Michelle Obama urges high schoolers to monitor their families' politically incorrect thoughts
Obama spoke to graduating high school students from five area high schools at the Topeka, Kan. Senior Recognition Day on May 16, the day before their graduation ceremony and on the eve of the 60th anniversary of the landmark Brown v. Board of Education Supreme Court decision that outlawed segregation in public schools. The court case began in Topeka in 1951.
Obama spoke of the decision by Topeka parents to fight against the notion of “separate but equal” education for their children.
“Now, these were ordinary folks. Most of them were not civil rights activists, and some of them were probably nervous about speaking up, worried they might cause trouble for themselves and their families. And the truth is, while the black schools were far away, the facilities were pretty decent, and the teachers were excellent,” she said. “But eventually, these parents went to court to desegregate their children’s schools because, as one of the children later explained as an adult, she said, ‘We were talking about the principle of the thing’.”
But after touching on the historic ruling and the important anniversary, the president’s wife quickly moved on to reports that segregation is back in the United States’ public schools. “See, many districts in this country have actually pulled back on efforts to integrate their schools, and many communities have become less diverse as folks have moved from cities to suburbs,” Obama admonished. “And even in schools that seem integrated according to the numbers, when you look a little closer, you see students from different backgrounds sitting at separate lunch tables, or tracked into different classes, or separated into different clubs or activities.”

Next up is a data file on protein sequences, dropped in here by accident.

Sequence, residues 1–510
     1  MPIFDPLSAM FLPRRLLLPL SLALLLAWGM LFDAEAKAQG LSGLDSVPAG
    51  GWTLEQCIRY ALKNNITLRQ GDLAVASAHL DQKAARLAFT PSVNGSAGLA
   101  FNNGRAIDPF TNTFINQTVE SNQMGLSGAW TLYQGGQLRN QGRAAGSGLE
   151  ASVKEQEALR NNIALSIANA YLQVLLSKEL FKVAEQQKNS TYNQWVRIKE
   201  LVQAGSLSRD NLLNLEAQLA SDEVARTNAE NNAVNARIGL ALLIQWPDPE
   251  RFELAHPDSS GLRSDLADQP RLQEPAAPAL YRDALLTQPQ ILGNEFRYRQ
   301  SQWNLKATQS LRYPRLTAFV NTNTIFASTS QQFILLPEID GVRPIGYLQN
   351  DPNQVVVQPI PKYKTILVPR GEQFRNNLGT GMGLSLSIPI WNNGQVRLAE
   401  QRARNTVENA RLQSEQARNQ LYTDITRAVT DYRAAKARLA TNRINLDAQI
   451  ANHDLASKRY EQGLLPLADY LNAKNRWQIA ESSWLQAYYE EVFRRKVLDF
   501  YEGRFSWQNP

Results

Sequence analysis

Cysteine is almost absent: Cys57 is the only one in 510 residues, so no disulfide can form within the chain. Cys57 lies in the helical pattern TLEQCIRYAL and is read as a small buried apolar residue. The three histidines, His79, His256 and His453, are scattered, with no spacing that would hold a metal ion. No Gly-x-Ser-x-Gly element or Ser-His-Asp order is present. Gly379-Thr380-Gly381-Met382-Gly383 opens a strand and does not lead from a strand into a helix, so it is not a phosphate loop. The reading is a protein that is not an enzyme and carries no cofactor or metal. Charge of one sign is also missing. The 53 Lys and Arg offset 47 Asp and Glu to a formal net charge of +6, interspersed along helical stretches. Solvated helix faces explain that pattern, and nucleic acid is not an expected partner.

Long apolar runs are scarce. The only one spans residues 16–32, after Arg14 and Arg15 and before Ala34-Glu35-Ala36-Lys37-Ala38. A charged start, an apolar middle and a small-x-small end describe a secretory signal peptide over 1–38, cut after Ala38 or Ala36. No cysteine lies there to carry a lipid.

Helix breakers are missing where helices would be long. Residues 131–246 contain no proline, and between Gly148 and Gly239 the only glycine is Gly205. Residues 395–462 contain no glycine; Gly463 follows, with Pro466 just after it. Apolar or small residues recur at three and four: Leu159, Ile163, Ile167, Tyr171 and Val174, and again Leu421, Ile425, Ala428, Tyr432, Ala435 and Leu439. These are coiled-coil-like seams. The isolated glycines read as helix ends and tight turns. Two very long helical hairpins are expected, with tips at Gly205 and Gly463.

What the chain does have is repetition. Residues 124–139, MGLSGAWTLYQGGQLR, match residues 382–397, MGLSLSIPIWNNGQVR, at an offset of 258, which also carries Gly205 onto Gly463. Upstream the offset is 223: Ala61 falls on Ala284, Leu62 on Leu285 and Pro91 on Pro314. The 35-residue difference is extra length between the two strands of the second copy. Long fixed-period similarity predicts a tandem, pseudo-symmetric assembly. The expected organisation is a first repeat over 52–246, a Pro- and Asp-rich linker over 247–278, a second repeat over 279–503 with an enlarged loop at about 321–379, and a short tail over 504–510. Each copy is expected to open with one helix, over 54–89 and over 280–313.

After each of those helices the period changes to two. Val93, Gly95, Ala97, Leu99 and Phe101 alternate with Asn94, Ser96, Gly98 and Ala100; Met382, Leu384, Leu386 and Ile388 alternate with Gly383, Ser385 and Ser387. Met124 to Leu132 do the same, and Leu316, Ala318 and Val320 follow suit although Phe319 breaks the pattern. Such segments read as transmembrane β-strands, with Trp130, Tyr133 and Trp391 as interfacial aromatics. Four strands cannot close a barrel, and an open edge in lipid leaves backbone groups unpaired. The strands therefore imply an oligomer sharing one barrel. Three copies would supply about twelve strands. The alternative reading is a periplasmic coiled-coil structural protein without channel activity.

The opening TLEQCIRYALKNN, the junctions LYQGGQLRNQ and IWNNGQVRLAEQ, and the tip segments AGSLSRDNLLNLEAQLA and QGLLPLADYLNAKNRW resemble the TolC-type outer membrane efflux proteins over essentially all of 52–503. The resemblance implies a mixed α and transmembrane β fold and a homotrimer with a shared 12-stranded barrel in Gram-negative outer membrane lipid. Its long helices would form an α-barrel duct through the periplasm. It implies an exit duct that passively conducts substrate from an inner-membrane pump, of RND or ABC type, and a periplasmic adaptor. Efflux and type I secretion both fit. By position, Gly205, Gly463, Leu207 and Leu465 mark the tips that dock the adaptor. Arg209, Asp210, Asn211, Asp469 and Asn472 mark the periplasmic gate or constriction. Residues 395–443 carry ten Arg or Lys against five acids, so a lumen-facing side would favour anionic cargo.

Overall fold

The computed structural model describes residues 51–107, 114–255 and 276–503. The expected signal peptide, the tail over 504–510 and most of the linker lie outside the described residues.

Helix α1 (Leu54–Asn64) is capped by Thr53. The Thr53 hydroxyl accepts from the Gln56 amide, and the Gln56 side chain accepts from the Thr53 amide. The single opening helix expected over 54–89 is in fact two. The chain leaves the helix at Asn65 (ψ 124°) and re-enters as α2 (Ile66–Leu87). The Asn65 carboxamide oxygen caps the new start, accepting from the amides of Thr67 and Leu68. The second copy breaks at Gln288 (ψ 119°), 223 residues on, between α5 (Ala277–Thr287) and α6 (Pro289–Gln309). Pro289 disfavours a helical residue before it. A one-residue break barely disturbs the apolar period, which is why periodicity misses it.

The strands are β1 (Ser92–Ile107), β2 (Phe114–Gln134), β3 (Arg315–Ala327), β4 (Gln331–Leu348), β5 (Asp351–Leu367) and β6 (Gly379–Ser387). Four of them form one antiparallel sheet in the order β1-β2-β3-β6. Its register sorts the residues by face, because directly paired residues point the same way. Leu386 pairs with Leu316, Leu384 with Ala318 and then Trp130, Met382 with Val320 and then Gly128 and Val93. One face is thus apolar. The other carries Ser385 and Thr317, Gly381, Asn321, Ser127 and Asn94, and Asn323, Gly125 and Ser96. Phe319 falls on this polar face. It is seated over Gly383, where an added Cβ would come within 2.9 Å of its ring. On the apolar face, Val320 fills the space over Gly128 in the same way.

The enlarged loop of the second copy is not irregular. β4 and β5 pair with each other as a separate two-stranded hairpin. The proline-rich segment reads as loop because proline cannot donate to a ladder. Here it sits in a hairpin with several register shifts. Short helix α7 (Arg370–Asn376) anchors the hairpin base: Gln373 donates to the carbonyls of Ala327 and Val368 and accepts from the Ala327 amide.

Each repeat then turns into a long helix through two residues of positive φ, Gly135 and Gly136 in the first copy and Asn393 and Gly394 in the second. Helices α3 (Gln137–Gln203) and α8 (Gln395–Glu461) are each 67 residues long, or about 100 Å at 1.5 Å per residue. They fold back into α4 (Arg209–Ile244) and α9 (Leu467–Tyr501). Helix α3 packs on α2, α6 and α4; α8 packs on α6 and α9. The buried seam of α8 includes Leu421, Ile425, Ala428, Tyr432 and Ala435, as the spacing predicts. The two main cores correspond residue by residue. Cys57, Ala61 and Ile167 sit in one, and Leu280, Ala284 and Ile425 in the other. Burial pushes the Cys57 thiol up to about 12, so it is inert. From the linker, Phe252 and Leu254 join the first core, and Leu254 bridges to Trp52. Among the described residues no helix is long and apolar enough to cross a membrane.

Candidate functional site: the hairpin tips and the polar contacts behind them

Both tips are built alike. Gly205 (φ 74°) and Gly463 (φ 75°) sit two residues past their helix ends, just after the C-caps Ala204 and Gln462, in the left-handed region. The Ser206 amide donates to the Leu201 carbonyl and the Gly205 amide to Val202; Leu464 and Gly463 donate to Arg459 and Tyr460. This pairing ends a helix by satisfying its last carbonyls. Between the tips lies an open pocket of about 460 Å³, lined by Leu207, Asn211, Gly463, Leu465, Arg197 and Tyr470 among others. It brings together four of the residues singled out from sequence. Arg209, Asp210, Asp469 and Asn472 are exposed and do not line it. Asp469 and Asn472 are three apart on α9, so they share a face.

Obama drew parallels between the fight for integration that was supposed to have ended in 1954 and what students face today.
“So, graduates, the truth is that Brown vs. Board of Ed. isn’t just about our history, it’s about our future,” she said. “Because while that case was handed down 60 years ago, Brown is still being decided every single day –- not just in our courts and schools, but in how we live our lives.”
It was then that critics say the first lady veered off into “thoughtcrime,” a term from Orwell’s dystopian novel “1984,” defined as “an instance of unorthodox or controversial thinking, considered as a criminal offense or as socially unacceptable,” according to the Oxford Dictionaries.
“There’s no court case against believing in stereotypes or thinking that certain kinds of hateful jokes or comments are funny. So the answers to many of our challenges today can’t necessarily be found in our laws,” Obama said. “As you go forth, when you encounter folks who still hold the old prejudices because they’ve only been around folks like themselves, when you meet folks who think they know all the answers because they’ve never heard any other viewpoints, it’s up to you to help them see things differently.”
“Maybe that starts simply in your own family, when grandpa tells that off-colored joke at Thanksgiving, or you’ve got an aunt talks about ‘those people’. Well, you can politely inform them that they’re talking about your friends,” Obama continued. “Because this issue is so sensitive, is so complicated, so bound up with a painful history. And we need your generation to help us break through. We need all of you to ask the hard questions and have the honest conversations, because that is the only way we will heal the wounds of the past and move forward to a better future.”